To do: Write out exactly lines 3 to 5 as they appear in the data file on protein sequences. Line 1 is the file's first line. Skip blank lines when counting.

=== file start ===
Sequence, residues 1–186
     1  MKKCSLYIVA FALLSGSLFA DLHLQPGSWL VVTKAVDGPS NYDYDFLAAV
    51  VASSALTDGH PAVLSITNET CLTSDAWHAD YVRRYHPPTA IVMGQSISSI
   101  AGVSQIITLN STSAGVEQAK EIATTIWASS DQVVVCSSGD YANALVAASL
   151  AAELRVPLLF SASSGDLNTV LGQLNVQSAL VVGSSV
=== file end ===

    51  VASSALTDGH PAVLSITNET CLTSDAWHAD YVRRYHPPTA IVMGQSISSI
   101  AGVSQIITLN STSAGVEQAK EIATTIWASS DQVVVCSSGD YANALVAASL
   151  AAELRVPLLF SASSGDLNTV LGQLNVQSAL VVGSSV